The internet has not impacted upon my reading habits in the slightest. I still pass my eyes from left to right across the lines of text, just as I always have. I still read line by line, turn from page to page; just as I always have. I still pick and chose. I still seek inspiring texts (to read). The internet has no impact on my reading habits, but the book says the internet is ambitious, and the book is honourable. The book fears there will be worse come in its place, that will lay waste to its carefully nurtured kingdom of readers and writers.

Books are my friends, faithful and just; they line up in my study like soldiers. They look down on the interloping screens from their posts on the battlements high on the walls.

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Sydney adventure – the book launch – part one

Read this first. Here is my ever cavet on a blog post. This post is massively self-indulgent; don’t say I didn’t warn you. Also, if you are on twitter and I fail to mention you, and I did in fact see you – I cannot apologise enough. I should have kept notes, but I didn’t. Sorry in advance. Please don’t be mad. Note also that I have referred to peeps by the Twitter ‘handle’ so you can look them up.) It will be in two parts – because it is so long and is taking a long time to write due to ‘fact checking.’

When you have a very intense experience, and you pack a lot into 53 hours, it can be hard to write about. Where to start? Favourite bits? Chronological order? Funniest bits? Best alone in a big bed bits? Best I’m away by myself and I couldn’t be more pleased bits?

I have recently returned from Sydney, the town that I know and love. I went by myself. I left my lovely man and my love child to fend for themselves. I left NO notes. They will figure it out, I reckoned. After all here’s what the Commentator General had to say about it:

Preparations well under way for three days looking after baby with no @ . Surely 16 months is old enough for pizza and DVD night
Robert Gotts

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The Finkler Question – part one – why I hated the Man Booker 2010 prize winner


Books. Notice how close they are to the drinks.

It is not often I do not finish a book that I commence. Once I start, I am committed to finishing. I have finished one or two books I really didn’t enjoy. I have finished some of the most difficult books in the English language or in translation to English. War and Peace, Ulysses, Infinite Jest, Fox in Sox, to name but a few. I mean I’ve finished Mason & Dixon by Thomas Pynchon. I have finished books that are emotionally difficult to read. Books like What is the What, The Book Thief, Outside Over There by Sendak.  Late last year, I read Room by Emma Donoghue (incidentally also shortlisted for the 2010 Booker). That’s a difficult book, at an emotional level, yet I finished it in two days. I have rarely started a book and abandoned it. Dead Air by Iain Banks, looms as one I can immediately recall not finishing.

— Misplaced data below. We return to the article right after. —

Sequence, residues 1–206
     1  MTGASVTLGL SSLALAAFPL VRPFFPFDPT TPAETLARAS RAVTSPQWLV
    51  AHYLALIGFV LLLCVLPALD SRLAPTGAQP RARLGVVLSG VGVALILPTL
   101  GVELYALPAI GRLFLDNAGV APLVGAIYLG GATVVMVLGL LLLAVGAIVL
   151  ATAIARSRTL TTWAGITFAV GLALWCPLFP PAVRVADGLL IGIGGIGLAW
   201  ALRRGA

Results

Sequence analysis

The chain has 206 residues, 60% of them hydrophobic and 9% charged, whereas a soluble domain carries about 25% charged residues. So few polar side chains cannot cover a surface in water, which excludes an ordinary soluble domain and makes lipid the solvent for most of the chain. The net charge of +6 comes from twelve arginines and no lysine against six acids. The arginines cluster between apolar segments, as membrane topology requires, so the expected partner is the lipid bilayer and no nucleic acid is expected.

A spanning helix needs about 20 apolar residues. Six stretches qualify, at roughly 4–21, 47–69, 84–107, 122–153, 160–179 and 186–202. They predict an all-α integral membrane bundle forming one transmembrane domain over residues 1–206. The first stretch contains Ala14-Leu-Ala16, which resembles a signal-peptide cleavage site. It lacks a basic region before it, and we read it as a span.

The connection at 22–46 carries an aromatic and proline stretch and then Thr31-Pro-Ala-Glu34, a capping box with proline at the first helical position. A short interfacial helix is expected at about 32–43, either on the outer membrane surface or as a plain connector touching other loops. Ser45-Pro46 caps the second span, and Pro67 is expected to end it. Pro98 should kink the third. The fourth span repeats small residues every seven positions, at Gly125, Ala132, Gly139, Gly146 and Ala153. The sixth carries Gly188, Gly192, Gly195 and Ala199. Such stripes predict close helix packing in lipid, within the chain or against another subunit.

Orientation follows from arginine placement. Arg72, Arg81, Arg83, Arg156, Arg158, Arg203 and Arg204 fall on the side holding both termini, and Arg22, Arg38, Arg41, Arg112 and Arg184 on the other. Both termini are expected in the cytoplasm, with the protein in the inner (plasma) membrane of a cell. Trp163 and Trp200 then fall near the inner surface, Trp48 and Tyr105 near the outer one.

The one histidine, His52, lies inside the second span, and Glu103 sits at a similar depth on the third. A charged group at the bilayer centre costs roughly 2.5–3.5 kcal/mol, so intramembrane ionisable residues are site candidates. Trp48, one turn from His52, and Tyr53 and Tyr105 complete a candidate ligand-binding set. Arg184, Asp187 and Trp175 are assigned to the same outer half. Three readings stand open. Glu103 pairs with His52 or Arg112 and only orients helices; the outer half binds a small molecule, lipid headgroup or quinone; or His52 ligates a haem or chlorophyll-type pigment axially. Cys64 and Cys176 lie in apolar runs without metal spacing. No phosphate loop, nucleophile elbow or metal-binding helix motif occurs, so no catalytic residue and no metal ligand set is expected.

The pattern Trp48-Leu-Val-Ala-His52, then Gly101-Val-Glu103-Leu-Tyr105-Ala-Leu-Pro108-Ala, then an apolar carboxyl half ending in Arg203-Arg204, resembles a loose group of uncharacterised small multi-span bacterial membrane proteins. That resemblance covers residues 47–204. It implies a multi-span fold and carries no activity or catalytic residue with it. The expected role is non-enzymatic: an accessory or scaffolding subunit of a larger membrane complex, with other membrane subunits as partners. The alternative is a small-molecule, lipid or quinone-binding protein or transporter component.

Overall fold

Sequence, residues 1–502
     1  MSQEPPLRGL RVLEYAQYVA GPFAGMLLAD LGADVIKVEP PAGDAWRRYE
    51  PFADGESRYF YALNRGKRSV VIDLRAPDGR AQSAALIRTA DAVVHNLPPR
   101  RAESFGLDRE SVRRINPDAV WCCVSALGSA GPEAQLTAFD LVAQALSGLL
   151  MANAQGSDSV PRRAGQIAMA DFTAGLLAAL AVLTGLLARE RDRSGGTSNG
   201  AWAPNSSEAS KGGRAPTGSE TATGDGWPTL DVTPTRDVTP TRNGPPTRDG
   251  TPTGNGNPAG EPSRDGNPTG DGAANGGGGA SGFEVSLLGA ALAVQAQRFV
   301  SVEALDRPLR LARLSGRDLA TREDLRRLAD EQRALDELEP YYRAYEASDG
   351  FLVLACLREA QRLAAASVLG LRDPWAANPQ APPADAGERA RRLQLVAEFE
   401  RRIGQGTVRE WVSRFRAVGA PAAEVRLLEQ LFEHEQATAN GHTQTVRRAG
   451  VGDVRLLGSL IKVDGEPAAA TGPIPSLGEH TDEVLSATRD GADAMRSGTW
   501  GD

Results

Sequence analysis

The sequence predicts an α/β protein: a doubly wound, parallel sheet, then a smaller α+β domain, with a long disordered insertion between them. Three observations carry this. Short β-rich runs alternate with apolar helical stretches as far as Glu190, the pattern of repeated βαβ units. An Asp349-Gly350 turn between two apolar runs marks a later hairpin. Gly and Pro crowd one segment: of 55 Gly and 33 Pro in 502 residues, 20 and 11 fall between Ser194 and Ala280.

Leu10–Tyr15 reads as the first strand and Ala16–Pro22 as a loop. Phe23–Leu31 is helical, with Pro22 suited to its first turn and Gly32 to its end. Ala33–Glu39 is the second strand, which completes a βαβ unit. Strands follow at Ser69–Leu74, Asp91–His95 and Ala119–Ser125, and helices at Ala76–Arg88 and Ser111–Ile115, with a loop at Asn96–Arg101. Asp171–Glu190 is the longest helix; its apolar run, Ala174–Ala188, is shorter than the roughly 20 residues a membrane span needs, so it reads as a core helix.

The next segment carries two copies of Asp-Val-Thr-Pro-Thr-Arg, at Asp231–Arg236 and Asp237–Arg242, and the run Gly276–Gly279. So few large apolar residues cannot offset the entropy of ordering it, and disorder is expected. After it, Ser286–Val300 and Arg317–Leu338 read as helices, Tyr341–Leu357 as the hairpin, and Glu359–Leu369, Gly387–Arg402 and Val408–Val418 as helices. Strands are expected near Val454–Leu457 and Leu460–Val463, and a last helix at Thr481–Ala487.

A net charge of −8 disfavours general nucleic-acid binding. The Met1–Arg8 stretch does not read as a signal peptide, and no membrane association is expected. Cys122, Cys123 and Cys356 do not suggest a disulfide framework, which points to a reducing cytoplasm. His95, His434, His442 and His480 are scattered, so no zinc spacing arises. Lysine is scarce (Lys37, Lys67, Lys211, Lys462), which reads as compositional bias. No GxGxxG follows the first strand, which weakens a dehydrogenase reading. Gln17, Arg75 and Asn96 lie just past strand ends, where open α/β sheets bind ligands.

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Friday – this week I am grateful for …

Whimsy, books and parity with the US dollar

This week I received a lovely parcel. It contained the following wonderful books; The Finkler Question (Howard Jacobson), Balzac and the Little Chinese Seamstress (Dai Sijie), Sir Vidia’s Shadow (Paul Theroux), and Room (Emma Donoghue). All of these books I have looked forward to reading. I have been searching for copies of Balzac and the Little Chinese Seamstress and Sir Vidia’s Shadow, in Australia for well over a year. Now maybe I wasn’t looking in the right places or maybe I was distracted, but parity with the Australian dollar and the search for music by Elizabeth Mitchell threw me into the giddy world of Amazon.

On a whim I searched for all the books from the list in my notebook. The notebook that goes everywhere I go. It is full of dreams, notes, little reminders. It has lists of books I want to read – to remind me to look for them. Two of the books in the parcel where on the list, but I couldn’t find them. So I searched Amazon for all the books on the list and I found them all. And they were cheap. A completely beautiful hardback of the Balzac for less than I would have paid for a paperback here. Also 2010 Man Booker Prize winner, The Finkler Question for $5.99. Ridiculously cheap.

So I am grateful for books and online shopping this week. I look forward to plowing my way through them. I finally feel like I have a little bit of time for reading. I feel too, that my maternity leave (seems ridiculous to call it that now that the baby is nearly a year old – maternity seems a lifetime ago) is slipping away. I need to start to think about re-entering real life. Working life. But it will never be the same. I am already starting to look for options, for ways out!

I am grateful that my books were so cheap. I am grateful for having found Elizabeth Mitchell and her music which my boy just loves. And I grateful for a few more afternoons after 2pm where I might be able to snatch a few precious moments to read and enjoy some books.

The New Yorkers are piling up

I’ve had a subscription to the New Yorker since 2006. I love them. Often there have been periods where, due to their frequency of publication, I have had a couple of weeks pile up. OK so sometimes when I was really busy it may have been 6 or 8 weeks. Now below is a photo of the pile of unopened New Yorkers resting on the cross-bar of the bedside table. There are probably 15 magazines in the pile. There are a few that are optimistically opened but most of them are in their plastic. Even with the housework ban, it is hard to keep up!

The New Yorkers

This is the sort of thing that people mean when they say things are different after they have children. I can still do the SMH quiz every Saturday, I still get the ‘Get It?’ every week, (that’s my litmus test to see if I’m losing my mind) but if I make it through the first couple of pages of Spectrum or the mag, I’m doing really really well. I started reading March of Patriots in February. I’ve read only 100 or so pages. The concentration required fails me. The interest is there; but fatigue beats me every time. I have finished a couple of books, at the expense of the New Yorkers. Things are different now.